A metallic taste in your mouth during pregnancy likely is caused by pregnancy hormones. It may make you hate a particular food that you normally love. Or it can make you enjoy foods that you don’t usually like.
Dysgeusia, a common symptom of early pregnancy, typically isn’t harmful to either the mom or baby. It may cause you to hate a portion of food that you normally love, or enjoy foods you normally dislike. Sometimes it can cause a sour or metallic taste in your mouth, even if you’re not eating anything. The good news is that dysgeusia usually goes away after your first trimester.
By the end of your pregnancy, you may notice that your sense of taste has changed. Although this symptom is typically caused by pregnancy hormones, it may lead to dysgeusia — or a change in your sense of taste. You’ll probably notice that you enjoy or dislike certain foods more than before, even if it’s not related to morning sickness. Some women may start to have a sour or metallic taste in their mouth, even if they’re not eating anything.
During pregnancy, an influx of hormones is responsible for a number of changes. These hormones can also bring about unwanted symptoms, especially during the first trimester.
If you feel like you have old coins in your mouth, sensory changes from pregnancy may be to blame.
IN THIS ARTICLE
- When does the metallic taste start during pregnancy?
- What causes you to have a metallic taste during pregnancy?
- What can I do about having a metallic taste when I’m pregnant?
- Can I prevent having a metallic taste while I’m pregnant?
- When can I expect having a metallic taste to end?
Pregnancy can affect almost every part of your body, and your mouth and taste buds are no exception. Many expectant women report having a metallic or sour taste in their mouths as one of their pregnancy symptoms. The change in their sense of taste, known as dysgeusia in medical terms, can persist even when they’re not eating. Fun!
When does the metallic taste start during pregnancy?
That metallic taste in your mouth is a common pregnancy symptom in the first trimester. One study found that a whopping 93 percent of pregnant women reported some change in taste during pregnancy, so you’re in very good company if you’re experiencing it.Top ArticlesREAD MORE10 Benefits of ExerciseDuring Pregnancyhttps://imasdk.googleapis.com/js/core/bridge3.512.0_en.html#goog_2102450651https://imasdk.googleapis.com/js/core/bridge3.512.0_en.html#goog_1467218402https://imasdk.googleapis.com/js/core/bridge3.512.0_en.html#goog_1651914306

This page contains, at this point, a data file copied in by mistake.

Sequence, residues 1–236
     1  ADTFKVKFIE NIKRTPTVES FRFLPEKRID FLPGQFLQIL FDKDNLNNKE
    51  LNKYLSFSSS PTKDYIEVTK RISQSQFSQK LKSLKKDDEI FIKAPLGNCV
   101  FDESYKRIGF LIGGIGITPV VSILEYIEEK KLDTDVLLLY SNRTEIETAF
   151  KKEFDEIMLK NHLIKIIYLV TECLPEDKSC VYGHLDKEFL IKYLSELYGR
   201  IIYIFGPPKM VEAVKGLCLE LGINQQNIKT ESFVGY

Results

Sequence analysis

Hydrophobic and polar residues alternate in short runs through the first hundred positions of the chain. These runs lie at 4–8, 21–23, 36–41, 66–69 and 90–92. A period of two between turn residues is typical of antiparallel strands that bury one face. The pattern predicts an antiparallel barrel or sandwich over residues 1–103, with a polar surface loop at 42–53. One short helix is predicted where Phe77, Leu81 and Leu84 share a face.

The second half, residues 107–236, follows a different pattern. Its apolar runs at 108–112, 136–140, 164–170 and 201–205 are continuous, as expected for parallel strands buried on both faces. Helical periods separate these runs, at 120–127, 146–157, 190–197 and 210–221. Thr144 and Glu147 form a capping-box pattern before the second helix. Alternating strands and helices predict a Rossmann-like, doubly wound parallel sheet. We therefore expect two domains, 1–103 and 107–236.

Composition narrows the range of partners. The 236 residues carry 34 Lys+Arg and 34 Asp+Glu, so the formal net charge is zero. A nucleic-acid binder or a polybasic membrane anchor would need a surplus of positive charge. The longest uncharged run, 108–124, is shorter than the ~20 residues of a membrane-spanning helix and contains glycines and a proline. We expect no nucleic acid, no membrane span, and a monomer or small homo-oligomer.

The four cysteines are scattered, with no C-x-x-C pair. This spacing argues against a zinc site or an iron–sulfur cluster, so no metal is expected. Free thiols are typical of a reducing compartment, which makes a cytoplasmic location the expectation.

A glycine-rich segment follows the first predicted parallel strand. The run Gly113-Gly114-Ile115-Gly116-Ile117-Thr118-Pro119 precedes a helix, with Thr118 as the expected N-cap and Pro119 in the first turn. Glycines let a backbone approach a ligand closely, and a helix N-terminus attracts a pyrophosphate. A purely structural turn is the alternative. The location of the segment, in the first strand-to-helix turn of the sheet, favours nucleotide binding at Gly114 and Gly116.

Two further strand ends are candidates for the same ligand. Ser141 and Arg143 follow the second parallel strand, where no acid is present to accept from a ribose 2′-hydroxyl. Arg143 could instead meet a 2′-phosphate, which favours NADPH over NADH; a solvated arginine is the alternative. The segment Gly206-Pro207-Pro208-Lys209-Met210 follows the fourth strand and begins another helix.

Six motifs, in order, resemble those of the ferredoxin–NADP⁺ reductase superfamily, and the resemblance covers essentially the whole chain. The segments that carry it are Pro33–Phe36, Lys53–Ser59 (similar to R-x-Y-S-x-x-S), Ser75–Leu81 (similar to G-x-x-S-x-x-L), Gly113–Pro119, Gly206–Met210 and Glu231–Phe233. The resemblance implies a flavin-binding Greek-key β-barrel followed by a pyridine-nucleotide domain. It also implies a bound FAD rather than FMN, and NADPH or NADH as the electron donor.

What does it feel like? Some moms have compared it to the taste of spare change or drinking water from a metal cup. Others say it’s more of a sour taste, and it appears even when they’re not eating anything. While it’s hard to put into words exactly what the experience is like, you’ll recognize it if and when it happens.
What causes you to have a metallic taste during pregnancy?
Dysgeusia is caused by changes in your hormone levels during pregnancy. Pregnancy hormones, in particular estrogen, seem to play a role in controlling and moderating our sense of taste.
And when you’re pregnant, estrogen levels — and hence your taste buds — may fluctuate widely. Plus, your senses of taste and smell are intimately connected, so pregnancy-related changes in how sensitive your nose is may also lead to that metallic taste during pregnancy.
All this activity in your mouth means your pregnancy hormones are kicking into high gear (though just because you never experience this symptom doesn’t mean your body isn’t in baby-making mode). As your pregnancy progresses and your hormones settle down, the metallic taste should dissipate.
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What can I do about having a metallic taste when I’m pregnant?
For something we don’t hear much about, dysgeusia is surprisingly common in pregnancy. Here’s what you can do to make food and liquids taste more normal:
- Try banishing that metallic taste with acids. Focus on sour flavors such as citrus juices, lemonade and — assuming your tummy can handle them — foods marinated in vinegar (pickles anyone? After all, you are pregnant!). All these foods not only have the power to break through the metallic taste in your mouth during pregnancy, they also increase saliva production, which will help wash it away.
- Talk to your practitioner about changing your prenatal vitamin; some seem to lead to metal mouth more than others.